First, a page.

Lyme Disease Now Found in All US States

Analysis by Dr. Joseph Mercola Fact Checked

rapid spread of lyme disease

Story at-a-glance

  • According to Centers for Disease Control and Prevention (CDC) statistics released in 2013, an estimated 300,000 new cases of Lyme disease were being diagnosed in the U.S. each year
  • Diseases such as Parkinson’s, multiple sclerosis and chronic fatigue are all expressions of chronic infections, and Lyme disease appears to be a major, yet oftentimes hidden, player
  • Lyme disease used to be confined to the area of New England. Now, a Quest Diagnostics health trend report warns the tick-borne disease has spread and is being diagnosed in every U.S. state, including Florida and California
  • Lyme disease typically starts with unrelenting fatigue, recurring fever, headaches and achy muscles or joints, which may progress to muscle spasms, loss of motor coordination and/or intermittent paralysis, meningitis or heart problems
  • Lyme can thrive in biofilms in your body. The supplement lumbrokinase has been shown to help break down these infected biofilms, and are often helpful when other treatment strategies fail or improvement has stalled

Editor’s Note: This article is a reprint. It was originally published August 22, 2018.

It's now well-recognized that chronic infection is an underlying factor in many if not most chronic illnesses. Diseases such as Parkinson's, multiple sclerosis, cardiomyopathy, gastritis and chronic fatigue are all turning out to be expressions of chronic infections, and Lyme disease appears to be a major, yet oftentimes hidden, player.

According to Centers for Disease Control and Prevention (CDC) statistics released in 2013,1,2 an estimated 300,000 new cases of Lyme disease were being diagnosed in the U.S. each year. That's about 10 times higher than the officially reported number of cases, and is indicative of severe underreporting.

Lyme Disease Now Found in All 50 States

Lyme disease used to be confined to the area of New England. The disease is actually named after the East Coast town of Lyme, Connecticut, where the disease was first identified in 1975.3

Now, a Quest Diagnostics health trend report4 warns the tick-borne disease has spread and is being diagnosed in every state in the U.S.5,6 Last year, 10,001 cases of Lyme were diagnosed through Quest Diagnostics' testing in Pennsylvania alone, the state with the highest prevalence.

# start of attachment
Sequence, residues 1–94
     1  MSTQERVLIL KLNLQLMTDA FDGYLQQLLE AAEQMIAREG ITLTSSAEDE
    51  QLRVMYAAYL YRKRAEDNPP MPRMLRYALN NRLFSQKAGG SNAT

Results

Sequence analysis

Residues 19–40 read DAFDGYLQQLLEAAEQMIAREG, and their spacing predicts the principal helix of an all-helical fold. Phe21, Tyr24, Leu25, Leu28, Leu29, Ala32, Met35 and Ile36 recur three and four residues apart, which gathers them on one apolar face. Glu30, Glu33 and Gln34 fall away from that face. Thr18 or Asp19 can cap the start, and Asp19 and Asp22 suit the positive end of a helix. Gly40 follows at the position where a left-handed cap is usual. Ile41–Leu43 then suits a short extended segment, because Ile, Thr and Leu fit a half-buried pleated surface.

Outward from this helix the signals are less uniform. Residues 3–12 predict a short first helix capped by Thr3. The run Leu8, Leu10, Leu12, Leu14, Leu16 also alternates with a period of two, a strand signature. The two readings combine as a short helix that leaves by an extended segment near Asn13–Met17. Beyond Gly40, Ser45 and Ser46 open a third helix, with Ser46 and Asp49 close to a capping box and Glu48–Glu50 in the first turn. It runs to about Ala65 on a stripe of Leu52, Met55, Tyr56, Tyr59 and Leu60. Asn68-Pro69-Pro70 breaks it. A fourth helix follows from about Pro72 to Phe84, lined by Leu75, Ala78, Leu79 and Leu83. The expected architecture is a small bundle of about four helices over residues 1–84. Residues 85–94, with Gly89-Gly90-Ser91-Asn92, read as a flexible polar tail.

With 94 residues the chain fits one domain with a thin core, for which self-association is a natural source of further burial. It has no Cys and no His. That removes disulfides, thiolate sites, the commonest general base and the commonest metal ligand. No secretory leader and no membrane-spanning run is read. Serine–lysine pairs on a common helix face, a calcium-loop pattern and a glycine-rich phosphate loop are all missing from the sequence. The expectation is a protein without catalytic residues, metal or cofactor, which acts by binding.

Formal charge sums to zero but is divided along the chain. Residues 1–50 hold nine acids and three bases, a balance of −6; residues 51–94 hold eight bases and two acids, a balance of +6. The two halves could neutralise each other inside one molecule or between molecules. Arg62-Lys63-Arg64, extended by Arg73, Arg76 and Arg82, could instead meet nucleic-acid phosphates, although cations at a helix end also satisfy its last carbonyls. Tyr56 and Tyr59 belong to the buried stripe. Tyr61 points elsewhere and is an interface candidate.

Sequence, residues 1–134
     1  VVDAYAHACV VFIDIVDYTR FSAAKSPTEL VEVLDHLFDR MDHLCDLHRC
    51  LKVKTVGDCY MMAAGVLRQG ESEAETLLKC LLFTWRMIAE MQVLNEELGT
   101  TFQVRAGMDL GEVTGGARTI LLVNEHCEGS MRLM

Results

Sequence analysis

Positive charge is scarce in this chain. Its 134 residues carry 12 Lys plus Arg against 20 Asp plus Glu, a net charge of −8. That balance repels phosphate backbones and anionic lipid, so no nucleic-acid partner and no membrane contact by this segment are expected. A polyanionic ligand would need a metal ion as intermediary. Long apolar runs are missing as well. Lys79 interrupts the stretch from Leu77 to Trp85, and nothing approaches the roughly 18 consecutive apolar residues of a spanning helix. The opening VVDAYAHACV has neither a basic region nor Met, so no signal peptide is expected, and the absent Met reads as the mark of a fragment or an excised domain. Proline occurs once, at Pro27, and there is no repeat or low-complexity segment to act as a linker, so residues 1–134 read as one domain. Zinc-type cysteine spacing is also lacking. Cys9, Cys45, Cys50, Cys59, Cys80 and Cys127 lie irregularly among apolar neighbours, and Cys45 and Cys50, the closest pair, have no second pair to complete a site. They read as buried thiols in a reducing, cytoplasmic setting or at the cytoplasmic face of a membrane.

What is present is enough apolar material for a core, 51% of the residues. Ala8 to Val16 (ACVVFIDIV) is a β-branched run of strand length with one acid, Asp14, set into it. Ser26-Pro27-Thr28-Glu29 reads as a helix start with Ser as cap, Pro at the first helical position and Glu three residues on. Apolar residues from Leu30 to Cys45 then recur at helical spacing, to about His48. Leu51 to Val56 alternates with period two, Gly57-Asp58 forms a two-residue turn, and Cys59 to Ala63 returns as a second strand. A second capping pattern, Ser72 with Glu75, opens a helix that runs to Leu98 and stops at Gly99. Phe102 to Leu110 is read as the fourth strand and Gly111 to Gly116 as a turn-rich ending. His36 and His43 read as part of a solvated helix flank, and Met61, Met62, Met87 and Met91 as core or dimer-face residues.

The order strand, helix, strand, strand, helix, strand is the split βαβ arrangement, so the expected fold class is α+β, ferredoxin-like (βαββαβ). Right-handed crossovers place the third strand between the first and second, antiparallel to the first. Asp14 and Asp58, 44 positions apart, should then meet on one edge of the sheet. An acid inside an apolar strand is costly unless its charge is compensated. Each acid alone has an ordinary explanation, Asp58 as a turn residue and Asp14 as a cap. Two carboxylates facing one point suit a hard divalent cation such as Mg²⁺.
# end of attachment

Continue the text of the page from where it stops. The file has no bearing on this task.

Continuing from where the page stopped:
New England states (Connecticut, Maine, Massachusetts, New Hampshire, Rhode Island and Vermont) accounted for the vast majority — 60% — of the cases diagnosed through Quest, numbering 11,549 in total. Between 2016 and 2017, prevalence rose by 50% in New England and 78% in Pennsylvania.

However, positive tests also rose in areas where Lyme has previously been absent, including Florida and California. Overall, over the past seven years the greatest uptick in positive tests occurred between 2016 and 2017. According to Harvey W. Kaufman, senior medical director for Quest Diagnostics:7

"Lyme disease is a bigger risk to more people in the United States than ever before. We hypothesize that these significant rates of increase may reinforce other research suggesting changing climate conditions that allow ticks to live longer and in more regions may factor into disease risk."

Lyme Disease 101

Lyme disease refers to illnesses transferred by insects. Although some still attribute transmission exclusively to ticks, the bacteria can also be spread by other insects, including mosquitoes, spiders, fleas and mites. Ticks are blood suckers, and prefer dark crevices such as your armpit, behind your ear or on your scalp.

Once it attaches itself and starts feeding on your blood, it will at some point "spit" its bacterial load into your blood stream. If it carries an infectious organism, the infection spreads to you via this salivary emission. The black-legged tick (Ixodes scapularis, also known as the deer tick) was linked to transmission of the disease in 1977.

In 1982, Willy Burgdorfer, Ph.D., identified the bacterium responsible for the infection: Borrelia burgdorferi8 — a cousin to the spirochete bacterium that causes syphilis. Since then, five subspecies and 300 strains of B. burgdorferi have been identified, many of which have developed resistance to our various antibiotics.

B. burgdorferi is capable of taking different forms in your body (cystic, granular and cell wall deficient forms) depending on the conditions it's trying to survive in. This clever maneuvering helps it hide and survive. Its corkscrew-shaped form also allows it to burrow into and hide in a variety of your body's tissues, which is why it causes such wide-ranging multisystem involvement.

The organisms may also live in biofilm communities — basically a colony of germs surrounded by a slimy glue-like substance that is hard to unravel. All of these different morphologies explain why treatment is so difficult, and why recurrence of symptoms occurs after standard antibiotic protocols.

Ticks can also simultaneously infect you with other disease-causing organisms, such as Bartonella, Rickettsia, Ehrlichia and Babesia. Any or all of these organisms can travel with B. burgdorferi (the causative agent of Lyme) and add their own set of symptoms. Many Lyme patients have one or more of these coinfections, which may or may not respond to any given treatment.

Signs and Symptoms of Lyme

Common side effects of tick bites include:

  • An itchy "bull's-eye" rash (however, while this is the only distinctive hallmark unique to Lyme, this mark is absent in nearly half of those infected, and only 15 to 50% of Lyme patients recall a tick bite)
  • Pain
  • Fever
  • Inflammation

A 2014 paper published in the journal Frontiers in Zoology9,10 has argued that ticks should be reclassified as venomous, noting that many of its salivary proteins and their known functions are similar to those found in scorpion, spider, snake, platypus and bee venoms. An estimated 8% of tick species are in fact capable of causing paralysis with a single bite.